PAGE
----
Franklin Olakunle Amoo (WG' 09) - Baylis Emerging Markets Investment Markets


Overview of Business Venture

  • Baylis Emerging Markets, the Africa-focused investment firm I co-founded in 2016, established Baylis Digital in 2021 to help finance the digital convergence of the African continent with the global community. Baylis recruited several of the most experienced and accomplished communications executives in Africa to lead Baylis Digital, each with decades of experience in the C-Suite of companies like MTN, Airtel and Vodafone. After being sponsored and capitalized by Baylis, Baylis Digital has partnered with several leading global institutional investment firms to pursue path-breaking connectivity projects in arenas such as subsea and terrestrial cable, digital content distribution, data labeling, machine learning, rural communications infrastructure, and last mile payments architecture.

Why did you decide to pursue this venture? 

  • With our core investment platform being immersed in industrial and telecommunications investments, it became clear to us that our core mission of financing Africa's industrialization would be challenged by the dearth of modern connectivity technology on the continent. Connectivity is now central to manufacturing, industrial development, maintaining civic society, and creating economic prosperity. Furthermore, investments in communication and digital technology infrastructure such as data centers, optical fiber cables, satellites, and mobile towers, as well as enabling digital technologies and software rails, are one of the most efficient ways to deploy capital at scale on the continent and benefit from constructive macro factors such as its galloping demographic growth trends and improving per capita incomes. Financial returns from such investments are paired with important impact - establishing this infrastructure and introducing these enabling technologies will ensure that the African continent and its youthful, rapidly expanding population are not left out of emergent trends such as generative AI, internet of things, autonomous technologies, remote work, big data, and e-learning.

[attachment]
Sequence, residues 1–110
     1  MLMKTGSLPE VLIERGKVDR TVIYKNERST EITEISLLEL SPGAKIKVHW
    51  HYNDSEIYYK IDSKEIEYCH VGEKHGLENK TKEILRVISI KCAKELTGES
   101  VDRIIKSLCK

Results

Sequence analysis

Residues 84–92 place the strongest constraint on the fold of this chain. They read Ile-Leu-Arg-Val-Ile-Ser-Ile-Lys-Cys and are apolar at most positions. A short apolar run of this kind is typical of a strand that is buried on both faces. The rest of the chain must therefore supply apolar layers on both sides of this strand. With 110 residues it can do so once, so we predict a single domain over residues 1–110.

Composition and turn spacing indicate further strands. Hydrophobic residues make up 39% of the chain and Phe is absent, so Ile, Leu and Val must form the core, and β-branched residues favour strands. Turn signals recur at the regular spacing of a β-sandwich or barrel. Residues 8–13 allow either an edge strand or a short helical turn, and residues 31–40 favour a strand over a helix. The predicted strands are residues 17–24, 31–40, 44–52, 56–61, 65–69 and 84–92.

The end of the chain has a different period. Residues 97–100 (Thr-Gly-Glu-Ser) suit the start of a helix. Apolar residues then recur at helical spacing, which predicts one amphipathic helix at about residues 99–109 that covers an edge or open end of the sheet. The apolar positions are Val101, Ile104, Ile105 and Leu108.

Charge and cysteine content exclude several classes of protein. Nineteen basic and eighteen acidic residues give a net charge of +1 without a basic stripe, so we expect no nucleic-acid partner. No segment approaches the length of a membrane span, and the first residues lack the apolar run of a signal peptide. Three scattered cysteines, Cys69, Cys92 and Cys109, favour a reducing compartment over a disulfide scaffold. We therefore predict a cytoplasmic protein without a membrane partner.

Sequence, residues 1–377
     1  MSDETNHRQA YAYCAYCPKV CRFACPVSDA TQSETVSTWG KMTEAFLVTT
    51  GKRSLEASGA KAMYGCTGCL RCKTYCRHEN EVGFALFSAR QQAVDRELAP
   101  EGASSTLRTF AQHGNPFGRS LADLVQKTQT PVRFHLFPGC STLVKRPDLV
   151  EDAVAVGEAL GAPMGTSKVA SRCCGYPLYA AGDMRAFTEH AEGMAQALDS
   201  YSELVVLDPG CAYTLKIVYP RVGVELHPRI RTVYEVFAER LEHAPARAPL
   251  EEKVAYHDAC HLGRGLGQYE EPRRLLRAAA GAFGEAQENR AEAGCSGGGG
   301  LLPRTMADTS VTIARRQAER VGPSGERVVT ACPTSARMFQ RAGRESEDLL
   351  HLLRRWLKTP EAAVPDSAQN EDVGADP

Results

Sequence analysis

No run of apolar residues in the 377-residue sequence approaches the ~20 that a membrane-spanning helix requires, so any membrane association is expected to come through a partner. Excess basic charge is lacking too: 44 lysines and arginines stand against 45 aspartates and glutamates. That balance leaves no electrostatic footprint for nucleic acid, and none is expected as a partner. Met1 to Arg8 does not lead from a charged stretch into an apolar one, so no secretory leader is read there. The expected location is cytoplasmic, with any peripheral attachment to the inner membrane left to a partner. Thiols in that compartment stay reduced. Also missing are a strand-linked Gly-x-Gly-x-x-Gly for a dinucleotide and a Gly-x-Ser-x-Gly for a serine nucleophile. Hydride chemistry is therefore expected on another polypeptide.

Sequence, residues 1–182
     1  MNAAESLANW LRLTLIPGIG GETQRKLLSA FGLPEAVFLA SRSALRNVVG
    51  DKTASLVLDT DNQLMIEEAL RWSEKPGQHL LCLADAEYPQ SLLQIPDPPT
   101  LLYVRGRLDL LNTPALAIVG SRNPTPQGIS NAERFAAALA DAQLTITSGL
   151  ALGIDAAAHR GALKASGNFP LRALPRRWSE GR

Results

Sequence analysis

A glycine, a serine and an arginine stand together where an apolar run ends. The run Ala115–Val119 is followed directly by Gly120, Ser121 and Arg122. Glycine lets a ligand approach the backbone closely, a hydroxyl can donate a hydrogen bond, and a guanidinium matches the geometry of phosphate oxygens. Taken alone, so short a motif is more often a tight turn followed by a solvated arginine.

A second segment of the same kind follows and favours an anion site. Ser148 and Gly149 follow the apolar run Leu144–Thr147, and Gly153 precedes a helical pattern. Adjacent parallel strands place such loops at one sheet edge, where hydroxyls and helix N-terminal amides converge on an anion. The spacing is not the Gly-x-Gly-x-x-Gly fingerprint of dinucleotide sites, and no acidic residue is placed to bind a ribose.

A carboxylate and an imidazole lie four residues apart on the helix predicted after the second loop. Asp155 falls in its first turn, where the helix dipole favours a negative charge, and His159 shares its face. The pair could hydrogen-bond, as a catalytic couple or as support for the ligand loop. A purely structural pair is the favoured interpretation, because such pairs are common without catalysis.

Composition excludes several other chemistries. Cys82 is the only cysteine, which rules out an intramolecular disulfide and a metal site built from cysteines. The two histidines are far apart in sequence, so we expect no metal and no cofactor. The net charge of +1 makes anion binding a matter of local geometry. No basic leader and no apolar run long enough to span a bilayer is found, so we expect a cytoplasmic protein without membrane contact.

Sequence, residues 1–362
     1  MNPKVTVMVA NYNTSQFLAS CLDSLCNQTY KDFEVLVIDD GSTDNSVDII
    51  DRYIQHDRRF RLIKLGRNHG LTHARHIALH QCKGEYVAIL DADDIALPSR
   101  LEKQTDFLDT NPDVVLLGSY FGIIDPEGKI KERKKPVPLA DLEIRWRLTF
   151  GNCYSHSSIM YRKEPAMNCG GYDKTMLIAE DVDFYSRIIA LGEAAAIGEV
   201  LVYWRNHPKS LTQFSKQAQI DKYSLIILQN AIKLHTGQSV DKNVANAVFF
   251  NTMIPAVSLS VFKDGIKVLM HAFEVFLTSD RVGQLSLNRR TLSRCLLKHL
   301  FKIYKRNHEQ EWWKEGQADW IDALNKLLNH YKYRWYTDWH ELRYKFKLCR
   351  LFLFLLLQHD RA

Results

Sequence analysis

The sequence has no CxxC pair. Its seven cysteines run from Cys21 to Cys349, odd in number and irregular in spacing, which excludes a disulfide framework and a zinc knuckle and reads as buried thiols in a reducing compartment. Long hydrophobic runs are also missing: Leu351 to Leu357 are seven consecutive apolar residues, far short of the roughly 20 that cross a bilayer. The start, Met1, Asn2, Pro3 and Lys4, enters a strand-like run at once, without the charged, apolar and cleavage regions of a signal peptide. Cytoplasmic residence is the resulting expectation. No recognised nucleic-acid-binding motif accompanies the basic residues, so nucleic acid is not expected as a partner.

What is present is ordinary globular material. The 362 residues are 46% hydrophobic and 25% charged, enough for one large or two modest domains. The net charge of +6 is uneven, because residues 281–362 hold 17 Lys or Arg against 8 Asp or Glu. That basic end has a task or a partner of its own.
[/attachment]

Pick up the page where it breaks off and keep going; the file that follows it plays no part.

What has the journey been like? 

  • It is extremely challenging to finance projects in Africa due to limited appetite from global investors and a deficit of risk capital on the continent. Despite being one of the few remaining global theaters of investment in which differentiated yields are available to large-scale deployments of capital, insufficient institutional investor focus on (and thus understanding of) African markets leave them severely under-invested. Meanwhile, low savings rates, a propensity for wealth offshoring by elites, and underdeveloped pensions and insurers result in shallow capital pools to support risk investments. Nevertheless, it has been exciting and rewarding to support critical development projects, and we have been pleased by the rich landscape of opportunity. We often identify projects with opportunities for growth and scale available to investors at deep value; our average investment entry point averages between 3-5x EBITDA.

How can alumni support? 

  • By connecting us to investors interested in deploying capital at scale with the opportunity to earn differentiated returns and introducing us to differentiated Africa-focused investment opportunities in connectivity, communications technology, content distribution, digitization, data labeling, machine learning, and digital technology spaces.

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